Is treatment for you?
The assessment process is very important in helping identify whether you or a loved one has an eating disorder, and if so what treatment plan is required. Our clinical psychologists have significant experience and training in this area. Please contact us if you are concerned that you are a loved one may have an eating disorder.
How we help
Every individual’s experiences and symptoms are unique to them, therefore it’s important to take time to understand your situation so that we can develop an individualised treatment plan. During treatment, we will explore your history, how you feel about it and the therapeutic approaches we can use to give you personalised treatment and help.
Do I have an eating disorder?
Below are some questions that may help you identify if you have an eating disorder
- Do you find yourself being preoccupied by worries about eating and about your weight? Do you find yourself thinking you want to eat more 'healthily', but then you start to restrict your food intake more and more?
- Do you find yourself believing you need to lose weight, even though you are in a healthy weight range?
- Do you find yourself eating uncontrollably and then feeling very guilty afterwards?
- Or do you worry that a loved one's eating habits have changed significantly, and you are concerned about their weight or wellbeing?
This may mean that you or a loved one may have an eating disorder. Research has identified that it is crucial to seek help as early as possible.
What is an eating disorder?
Eating Disorders are characterised by significant disturbances in eating behaviour. Common eating disorders are Anorexia Nervosa (AN), Bulimina Nervosa (BN) and Binge Eating Disorder (BED).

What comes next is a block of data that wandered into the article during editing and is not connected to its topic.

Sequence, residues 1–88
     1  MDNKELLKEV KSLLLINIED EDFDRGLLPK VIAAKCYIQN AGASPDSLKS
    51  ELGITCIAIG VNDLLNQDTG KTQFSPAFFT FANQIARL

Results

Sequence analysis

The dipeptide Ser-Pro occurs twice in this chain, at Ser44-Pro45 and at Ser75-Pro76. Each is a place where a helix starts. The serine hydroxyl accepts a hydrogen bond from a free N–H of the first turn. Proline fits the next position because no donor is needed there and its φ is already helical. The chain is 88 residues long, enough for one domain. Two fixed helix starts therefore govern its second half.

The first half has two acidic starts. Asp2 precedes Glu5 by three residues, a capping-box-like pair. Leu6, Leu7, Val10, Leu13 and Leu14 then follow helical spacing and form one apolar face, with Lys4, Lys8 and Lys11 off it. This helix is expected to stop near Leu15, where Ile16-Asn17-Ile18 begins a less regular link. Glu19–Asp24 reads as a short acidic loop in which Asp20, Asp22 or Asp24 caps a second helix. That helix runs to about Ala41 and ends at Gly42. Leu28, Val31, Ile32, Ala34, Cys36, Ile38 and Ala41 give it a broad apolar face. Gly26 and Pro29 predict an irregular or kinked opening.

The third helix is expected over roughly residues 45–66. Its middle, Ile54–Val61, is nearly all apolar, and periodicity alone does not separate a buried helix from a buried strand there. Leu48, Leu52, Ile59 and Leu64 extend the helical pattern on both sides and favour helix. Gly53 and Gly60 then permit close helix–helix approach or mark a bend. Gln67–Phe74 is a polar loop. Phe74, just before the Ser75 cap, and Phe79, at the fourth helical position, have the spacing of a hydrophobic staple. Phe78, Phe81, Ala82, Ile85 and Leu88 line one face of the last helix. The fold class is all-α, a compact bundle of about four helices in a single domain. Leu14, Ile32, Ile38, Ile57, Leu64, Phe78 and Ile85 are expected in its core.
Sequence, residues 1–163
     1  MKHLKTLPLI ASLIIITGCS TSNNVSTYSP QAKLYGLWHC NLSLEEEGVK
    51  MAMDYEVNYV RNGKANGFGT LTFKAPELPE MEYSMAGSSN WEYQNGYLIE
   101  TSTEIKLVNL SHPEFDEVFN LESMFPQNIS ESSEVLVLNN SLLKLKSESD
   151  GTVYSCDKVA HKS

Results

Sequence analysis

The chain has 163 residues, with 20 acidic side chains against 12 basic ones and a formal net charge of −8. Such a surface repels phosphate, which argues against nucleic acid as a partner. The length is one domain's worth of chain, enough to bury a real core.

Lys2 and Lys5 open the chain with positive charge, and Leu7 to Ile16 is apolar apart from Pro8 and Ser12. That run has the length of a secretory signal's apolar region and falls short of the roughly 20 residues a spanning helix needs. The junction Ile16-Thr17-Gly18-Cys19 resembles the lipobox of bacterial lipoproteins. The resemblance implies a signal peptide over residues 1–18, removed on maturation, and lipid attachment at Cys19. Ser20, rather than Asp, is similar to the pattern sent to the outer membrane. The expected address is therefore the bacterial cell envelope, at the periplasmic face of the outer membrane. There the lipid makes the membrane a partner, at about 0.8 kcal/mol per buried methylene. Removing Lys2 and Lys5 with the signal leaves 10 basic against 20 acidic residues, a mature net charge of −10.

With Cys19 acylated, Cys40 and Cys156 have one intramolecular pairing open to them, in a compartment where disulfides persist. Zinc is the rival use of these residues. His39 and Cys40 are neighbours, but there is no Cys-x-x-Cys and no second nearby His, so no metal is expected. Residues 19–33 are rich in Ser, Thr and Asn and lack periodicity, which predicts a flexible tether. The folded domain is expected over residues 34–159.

People who are diagnosed with Anorexia Nervosa
demonstrate persistent restriction of food, which leads to significant low body weight for their age and height. A person will experience an intense fear of gaining weight even though underweight. People with AN also have a disturbed perception of how their body looks.
People who are diagnosed with Bulimina Nervosa
engage in ongoing episodes of binge eating - binge eating is when a person eats in a discrete period of time (within two hours), an amount of food that is significantly more than most people would eat in that same time frame and under similar circumstances - with inappropriate compensatory behaviour to prevent any weight gain (for example, vomiting or excessive exercise). People with BN, like those with AN, also experience an intense fear of gaining weight even though underweight.
People who are diagnosed with Binge Eating Disorder
engage in recurrent episodes of binge eating. As explained above, binge eating is when a person eats in a discrete period of time (within two hours), an amount of food that is significantly more than most people would eat in that same time frame and under similar circumstances. During that time, people feel out of control when eating and may eat rapidly, and continuously even when not physically hungry. The eating often occurs in secret, and feelings of shame or guilt after these episodes is common. Binge eating is much more severe than overeating.